ZONING: MULTIPLE USE AND VALUATIONS
“Houses are built to live in and not to look on;
therefore let use be preferred before uniformity,
except where both may be had.”
– Francis Bacon (1561 - 1626)
SECTION 2 of the Local Government: Municipal Rates Act of 2004, allows a municipality to levy rates on property within its municipal area. Section 8 provides that it may levy different rates for different categories of rateable property according to the use of the property, its permitted use or its geographical area. Among the categories are “residential properties”, “business and commercial properties” and “properties used for multiple purposes”. Those used for business and commercial purposes attract a higher rate than those categorised for residential purposes.
In this case the property was a ten-storey building known as Park Mews. It comprised a ground floor used for business purposes and the remaining nine floors for residential purposes. Although Park Mews was zoned as a property for multiple purposes and one of its permitted uses was to have shops and offices on the ground floor, the municipal council had determined the rates payable by applying the higher business rate to the overall value of the building.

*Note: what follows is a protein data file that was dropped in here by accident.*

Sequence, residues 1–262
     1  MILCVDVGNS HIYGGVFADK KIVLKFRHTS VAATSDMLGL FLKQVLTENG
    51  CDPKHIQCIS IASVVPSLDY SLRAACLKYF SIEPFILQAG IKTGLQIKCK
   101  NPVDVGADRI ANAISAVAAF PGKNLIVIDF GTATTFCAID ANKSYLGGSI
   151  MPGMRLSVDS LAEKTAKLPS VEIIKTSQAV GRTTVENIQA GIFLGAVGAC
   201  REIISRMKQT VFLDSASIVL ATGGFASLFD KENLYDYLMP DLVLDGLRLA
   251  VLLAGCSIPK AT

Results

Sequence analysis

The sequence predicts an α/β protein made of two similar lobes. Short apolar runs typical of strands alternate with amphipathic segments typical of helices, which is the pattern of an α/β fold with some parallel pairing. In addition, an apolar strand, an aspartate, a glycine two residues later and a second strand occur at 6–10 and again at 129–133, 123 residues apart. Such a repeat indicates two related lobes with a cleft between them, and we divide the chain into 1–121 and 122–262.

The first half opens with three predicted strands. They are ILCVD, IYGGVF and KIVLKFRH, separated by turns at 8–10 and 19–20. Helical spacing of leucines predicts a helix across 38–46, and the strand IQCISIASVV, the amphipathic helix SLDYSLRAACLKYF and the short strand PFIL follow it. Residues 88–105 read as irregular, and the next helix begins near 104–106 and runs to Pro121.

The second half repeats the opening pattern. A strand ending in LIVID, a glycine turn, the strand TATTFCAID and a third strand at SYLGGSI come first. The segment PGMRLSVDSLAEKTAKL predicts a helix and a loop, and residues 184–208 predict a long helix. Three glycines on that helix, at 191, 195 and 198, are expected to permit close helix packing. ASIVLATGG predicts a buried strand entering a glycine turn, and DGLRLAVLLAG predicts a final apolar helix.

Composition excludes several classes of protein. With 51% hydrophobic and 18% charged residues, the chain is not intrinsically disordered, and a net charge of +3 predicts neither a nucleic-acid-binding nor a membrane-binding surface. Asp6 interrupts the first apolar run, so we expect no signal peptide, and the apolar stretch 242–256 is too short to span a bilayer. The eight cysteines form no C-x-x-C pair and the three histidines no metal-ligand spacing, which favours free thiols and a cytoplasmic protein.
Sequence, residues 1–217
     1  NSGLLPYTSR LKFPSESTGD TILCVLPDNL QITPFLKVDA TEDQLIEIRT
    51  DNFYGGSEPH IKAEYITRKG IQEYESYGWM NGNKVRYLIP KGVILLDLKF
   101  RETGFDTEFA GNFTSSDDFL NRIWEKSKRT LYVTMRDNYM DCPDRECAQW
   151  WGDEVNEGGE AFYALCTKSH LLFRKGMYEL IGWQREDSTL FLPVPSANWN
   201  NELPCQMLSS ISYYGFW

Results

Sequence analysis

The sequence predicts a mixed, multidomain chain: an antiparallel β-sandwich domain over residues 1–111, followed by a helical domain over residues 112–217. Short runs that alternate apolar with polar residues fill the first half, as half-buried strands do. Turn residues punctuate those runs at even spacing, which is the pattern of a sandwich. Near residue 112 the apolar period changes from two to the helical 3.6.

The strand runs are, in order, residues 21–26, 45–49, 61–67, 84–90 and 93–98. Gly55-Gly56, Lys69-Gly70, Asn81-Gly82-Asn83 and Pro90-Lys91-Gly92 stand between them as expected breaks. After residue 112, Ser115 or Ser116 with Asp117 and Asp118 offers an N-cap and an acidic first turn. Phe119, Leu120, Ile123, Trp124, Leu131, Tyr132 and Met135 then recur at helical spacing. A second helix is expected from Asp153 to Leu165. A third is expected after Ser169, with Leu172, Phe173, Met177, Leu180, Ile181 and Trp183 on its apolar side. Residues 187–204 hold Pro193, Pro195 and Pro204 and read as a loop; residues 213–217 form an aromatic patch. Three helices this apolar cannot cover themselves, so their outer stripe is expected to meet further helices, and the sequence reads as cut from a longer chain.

The owner filed an objection to the valuation roll, contending that there ought to have been an apportionment of the market value between the “business” and the “residential” categories. The municipal valuer rejected the objection, stating “Property category is correct. Multiple purpose.” The owner then appealed under the Act to the Valuation Appeal Board of the City of Johannesburg.
Arguing that it had elected to levy rates according to the permitted uses of properties as zoned and not on their actual use, the City applied to the High Court to review this decision.
When unsuccessful in its review, the City appealed to the Supreme Court of Appeal. It failed in that forum also where the proper approach was summed up by Judge Eric Leach:
“The inevitable conclusion is that where a property is being used for multiple permitted purposes, it is necessary for the municipal valuer compiling the valuation roll to determine and record those uses and to apportion the market value of the property between them.”
City of Johannesburg Metropolitan Municipality v. Chairman
of the Valuation Appeal Board for the City of Johannesburg and
Another  2 All SA 363 (SCA).
Source: LawLetter: MacRobert Attorneys